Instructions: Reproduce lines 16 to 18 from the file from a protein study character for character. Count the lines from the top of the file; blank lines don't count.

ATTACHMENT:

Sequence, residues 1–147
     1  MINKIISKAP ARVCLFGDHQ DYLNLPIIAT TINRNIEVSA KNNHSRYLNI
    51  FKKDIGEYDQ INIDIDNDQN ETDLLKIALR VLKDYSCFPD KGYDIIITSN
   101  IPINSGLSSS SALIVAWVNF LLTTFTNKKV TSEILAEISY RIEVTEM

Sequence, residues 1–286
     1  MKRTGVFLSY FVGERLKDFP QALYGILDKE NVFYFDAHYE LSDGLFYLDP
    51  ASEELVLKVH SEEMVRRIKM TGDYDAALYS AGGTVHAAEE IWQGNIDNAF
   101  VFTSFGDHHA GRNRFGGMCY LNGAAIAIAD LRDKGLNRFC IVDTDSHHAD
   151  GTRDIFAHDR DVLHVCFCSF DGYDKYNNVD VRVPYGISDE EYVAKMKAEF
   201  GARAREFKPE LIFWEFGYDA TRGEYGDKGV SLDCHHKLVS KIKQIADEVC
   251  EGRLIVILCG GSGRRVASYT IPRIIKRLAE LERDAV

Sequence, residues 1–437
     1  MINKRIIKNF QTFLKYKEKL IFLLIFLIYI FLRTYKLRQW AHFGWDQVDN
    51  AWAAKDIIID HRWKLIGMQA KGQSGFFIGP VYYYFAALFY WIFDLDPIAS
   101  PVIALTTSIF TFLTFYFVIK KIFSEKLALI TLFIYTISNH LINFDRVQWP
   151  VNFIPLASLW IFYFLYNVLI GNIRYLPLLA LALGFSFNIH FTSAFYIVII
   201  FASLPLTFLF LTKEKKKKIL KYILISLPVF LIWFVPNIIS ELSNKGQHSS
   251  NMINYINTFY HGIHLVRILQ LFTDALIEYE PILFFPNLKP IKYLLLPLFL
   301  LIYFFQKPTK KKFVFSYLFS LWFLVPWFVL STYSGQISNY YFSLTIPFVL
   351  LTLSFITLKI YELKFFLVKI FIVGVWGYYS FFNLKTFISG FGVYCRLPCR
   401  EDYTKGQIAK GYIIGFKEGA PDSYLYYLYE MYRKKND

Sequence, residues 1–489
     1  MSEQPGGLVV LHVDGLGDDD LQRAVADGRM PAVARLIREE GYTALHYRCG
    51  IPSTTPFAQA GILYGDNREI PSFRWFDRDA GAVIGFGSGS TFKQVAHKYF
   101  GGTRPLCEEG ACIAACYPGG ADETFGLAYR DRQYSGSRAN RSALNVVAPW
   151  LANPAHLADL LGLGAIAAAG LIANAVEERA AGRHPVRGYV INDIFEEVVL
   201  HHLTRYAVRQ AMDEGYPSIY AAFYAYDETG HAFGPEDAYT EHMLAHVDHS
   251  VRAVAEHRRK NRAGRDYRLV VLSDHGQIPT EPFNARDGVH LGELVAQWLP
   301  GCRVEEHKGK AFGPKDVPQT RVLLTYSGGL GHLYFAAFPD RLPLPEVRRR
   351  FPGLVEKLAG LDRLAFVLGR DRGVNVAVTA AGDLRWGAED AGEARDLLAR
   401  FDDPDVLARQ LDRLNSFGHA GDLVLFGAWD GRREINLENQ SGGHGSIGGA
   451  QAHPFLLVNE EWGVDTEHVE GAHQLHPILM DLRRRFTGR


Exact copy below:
   151  VNFIPLASLW IFYFLYNVLI GNIRYLPLLA LALGFSFNIH FTSAFYIVII
   201  FASLPLTFLF LTKEKKKKIL KYILISLPVF LIWFVPNIIS ELSNKGQHSS
   251  NMINYINTFY HGIHLVRILQ LFTDALIEYE PILFFPNLKP IKYLLLPLFL